The machinery of cooperation that di Pretoro created paid off in 1995, when a Russian computer hacker in St. Petersburg stole $10 million from Citibank. The hacker and his confederates had been able to penetrate Citibank’s system for electronic transfer of funds and moved money to their own accounts in several countries. The FBI and the Russians, working together, managed to recover all but $400,000 of the stolen money.

The hacker, Vladimir Levin, 28, was arrested while trying to make a connecting flight in London. He was extradited to the United States, pleaded guilty in a trial in New York and was sentenced to three years in prison.

This kind of cooperation was not unusual, and Washington asked questions regularly. “About once a month they [the Russian services] would ask for help,” di Pretoro remembers. “It was much more us asking for their help.” A few years later the Russians put a liaison officer into their embassy in Washington.

When the Russians asked the FBI for information about Tamerlan Tsarnaev in 2011, Moscow said it feared he planned to travel abroad to join Chechen terrorists. The FBI’s Boston field office looked into this, even eventually interviewing Tsarnaev, but concluded that he was not then involved in any extremist activities. That was reported back to the Russians.

The FBI has also said it asked the Russians in 2011 for “more specific or additional information” to aid the bureau in its inquiries. But it did not receive a response.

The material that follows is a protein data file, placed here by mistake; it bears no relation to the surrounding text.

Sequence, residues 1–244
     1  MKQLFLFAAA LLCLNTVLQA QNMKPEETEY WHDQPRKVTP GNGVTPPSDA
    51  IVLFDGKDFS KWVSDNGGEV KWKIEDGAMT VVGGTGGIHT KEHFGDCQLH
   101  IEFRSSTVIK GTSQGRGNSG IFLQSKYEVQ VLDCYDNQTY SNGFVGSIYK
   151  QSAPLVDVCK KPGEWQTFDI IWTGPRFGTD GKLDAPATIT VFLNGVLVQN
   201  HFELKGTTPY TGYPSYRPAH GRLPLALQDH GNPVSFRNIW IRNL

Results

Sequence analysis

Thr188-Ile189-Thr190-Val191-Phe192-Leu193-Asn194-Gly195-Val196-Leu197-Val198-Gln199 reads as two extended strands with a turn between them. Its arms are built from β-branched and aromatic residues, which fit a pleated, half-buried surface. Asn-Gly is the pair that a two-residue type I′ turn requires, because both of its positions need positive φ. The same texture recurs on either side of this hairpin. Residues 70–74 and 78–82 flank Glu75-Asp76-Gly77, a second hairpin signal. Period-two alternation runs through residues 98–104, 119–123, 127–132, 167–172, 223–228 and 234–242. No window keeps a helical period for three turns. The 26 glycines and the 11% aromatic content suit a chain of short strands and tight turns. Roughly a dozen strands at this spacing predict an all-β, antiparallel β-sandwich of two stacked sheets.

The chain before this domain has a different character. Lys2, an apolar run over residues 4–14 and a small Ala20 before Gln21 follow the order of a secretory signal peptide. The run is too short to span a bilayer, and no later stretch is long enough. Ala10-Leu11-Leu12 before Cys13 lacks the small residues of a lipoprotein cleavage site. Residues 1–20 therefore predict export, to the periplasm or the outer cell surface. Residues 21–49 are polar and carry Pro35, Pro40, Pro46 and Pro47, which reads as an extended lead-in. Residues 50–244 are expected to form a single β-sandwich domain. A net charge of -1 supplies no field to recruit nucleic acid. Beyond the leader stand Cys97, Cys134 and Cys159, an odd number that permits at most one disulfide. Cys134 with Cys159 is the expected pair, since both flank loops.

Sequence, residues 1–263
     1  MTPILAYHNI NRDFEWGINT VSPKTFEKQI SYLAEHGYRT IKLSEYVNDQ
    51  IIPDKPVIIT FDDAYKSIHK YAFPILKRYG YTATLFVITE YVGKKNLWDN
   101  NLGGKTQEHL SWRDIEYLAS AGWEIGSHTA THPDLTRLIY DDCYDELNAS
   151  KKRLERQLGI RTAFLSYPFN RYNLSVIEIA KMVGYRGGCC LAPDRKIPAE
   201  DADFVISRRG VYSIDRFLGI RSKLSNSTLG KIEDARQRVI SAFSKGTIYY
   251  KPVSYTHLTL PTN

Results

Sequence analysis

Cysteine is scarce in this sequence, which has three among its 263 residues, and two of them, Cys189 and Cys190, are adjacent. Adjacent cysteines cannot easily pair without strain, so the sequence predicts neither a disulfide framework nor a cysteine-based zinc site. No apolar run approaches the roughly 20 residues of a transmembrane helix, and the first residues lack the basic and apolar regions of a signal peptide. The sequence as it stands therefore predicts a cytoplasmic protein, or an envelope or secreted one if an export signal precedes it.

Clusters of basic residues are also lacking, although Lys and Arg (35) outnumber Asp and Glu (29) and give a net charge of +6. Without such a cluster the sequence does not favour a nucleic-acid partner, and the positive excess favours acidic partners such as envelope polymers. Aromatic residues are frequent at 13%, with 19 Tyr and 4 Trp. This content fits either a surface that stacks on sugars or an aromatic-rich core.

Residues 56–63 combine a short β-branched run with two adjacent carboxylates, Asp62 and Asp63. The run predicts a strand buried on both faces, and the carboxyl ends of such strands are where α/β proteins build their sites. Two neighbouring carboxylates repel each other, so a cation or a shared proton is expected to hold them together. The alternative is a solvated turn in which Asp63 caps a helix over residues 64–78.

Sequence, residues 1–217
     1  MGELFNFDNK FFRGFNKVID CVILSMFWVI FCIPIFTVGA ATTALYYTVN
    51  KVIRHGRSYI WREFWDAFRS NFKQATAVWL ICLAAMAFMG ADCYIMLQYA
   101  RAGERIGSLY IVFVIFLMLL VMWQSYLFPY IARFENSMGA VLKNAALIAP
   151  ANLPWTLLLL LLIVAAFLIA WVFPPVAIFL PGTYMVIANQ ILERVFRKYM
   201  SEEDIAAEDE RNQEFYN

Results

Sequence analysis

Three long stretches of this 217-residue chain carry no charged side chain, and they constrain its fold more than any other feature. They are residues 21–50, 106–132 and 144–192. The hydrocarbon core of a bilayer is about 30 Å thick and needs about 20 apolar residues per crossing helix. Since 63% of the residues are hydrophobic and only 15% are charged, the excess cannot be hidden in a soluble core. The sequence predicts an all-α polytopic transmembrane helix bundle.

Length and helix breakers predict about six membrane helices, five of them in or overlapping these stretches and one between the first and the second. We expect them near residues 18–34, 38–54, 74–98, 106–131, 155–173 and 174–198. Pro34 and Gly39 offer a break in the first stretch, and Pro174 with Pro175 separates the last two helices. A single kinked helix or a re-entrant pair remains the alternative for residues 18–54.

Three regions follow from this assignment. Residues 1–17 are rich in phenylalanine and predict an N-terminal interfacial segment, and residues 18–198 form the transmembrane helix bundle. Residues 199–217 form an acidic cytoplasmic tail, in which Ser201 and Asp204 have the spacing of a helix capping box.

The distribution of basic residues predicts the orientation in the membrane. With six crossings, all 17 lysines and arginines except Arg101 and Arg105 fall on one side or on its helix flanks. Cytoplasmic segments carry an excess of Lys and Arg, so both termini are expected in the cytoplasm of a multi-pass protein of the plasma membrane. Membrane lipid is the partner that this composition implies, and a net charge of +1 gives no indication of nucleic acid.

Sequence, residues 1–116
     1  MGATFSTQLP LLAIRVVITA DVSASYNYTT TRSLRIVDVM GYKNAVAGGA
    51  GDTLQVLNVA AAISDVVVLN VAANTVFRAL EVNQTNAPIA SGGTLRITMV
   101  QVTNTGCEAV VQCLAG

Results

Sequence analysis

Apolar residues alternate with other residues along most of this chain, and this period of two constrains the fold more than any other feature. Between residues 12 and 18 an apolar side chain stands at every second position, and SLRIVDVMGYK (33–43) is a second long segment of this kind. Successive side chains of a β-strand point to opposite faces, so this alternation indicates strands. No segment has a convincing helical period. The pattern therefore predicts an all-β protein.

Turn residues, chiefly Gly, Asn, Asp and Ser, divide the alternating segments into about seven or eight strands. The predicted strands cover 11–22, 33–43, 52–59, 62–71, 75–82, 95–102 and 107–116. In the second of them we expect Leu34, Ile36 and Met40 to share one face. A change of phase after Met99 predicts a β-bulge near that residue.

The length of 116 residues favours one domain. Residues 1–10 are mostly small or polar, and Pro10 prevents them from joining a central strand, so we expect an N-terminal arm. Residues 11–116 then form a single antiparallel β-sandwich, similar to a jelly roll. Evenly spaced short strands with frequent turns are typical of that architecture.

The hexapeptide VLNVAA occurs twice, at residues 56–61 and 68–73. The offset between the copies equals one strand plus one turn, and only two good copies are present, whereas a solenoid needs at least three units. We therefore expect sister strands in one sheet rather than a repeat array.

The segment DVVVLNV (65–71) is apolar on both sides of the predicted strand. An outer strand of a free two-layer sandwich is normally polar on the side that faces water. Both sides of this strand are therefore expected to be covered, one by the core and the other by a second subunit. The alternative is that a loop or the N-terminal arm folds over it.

In the wake of the Boston bombings, the FBI is investigating whether, when Tsarnaev visited Dagestan last year, he had contact with radical Islamic groups.

When di Pretoro used to meet with the Russians, their requests would come in writing and often dealt with fraud and financial crimes, money laundering and sometimes organized crime. But the sort of request for information about Tsarnaev was not that unusual, according to an FBI official familiar with the case.

The FBI has, however, long been cautious about becoming involved in Moscow’s problems with Chechen separatists. When the Russians have tried to enlist bureau help in investigating individual Chechens, the FBI has usually insisted that Moscow show some U.S. connection. Since Tsarnaev was living in Boston and had a green card, there was such a U.S. connection ‑ and the FBI agreed to the Russian request.